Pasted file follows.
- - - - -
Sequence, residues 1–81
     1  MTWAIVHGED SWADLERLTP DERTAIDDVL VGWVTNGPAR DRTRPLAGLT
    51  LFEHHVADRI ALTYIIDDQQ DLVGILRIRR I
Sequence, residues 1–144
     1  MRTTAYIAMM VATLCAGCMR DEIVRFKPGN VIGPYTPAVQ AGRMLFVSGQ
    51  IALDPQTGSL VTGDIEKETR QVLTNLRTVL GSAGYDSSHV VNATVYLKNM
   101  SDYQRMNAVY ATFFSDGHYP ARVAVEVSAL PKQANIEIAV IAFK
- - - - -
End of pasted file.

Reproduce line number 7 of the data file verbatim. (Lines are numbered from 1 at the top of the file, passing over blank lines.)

   101  SDYQRMNAVY ATFFSDGHYP ARVAVEVSAL PKQANIEIAV IAFK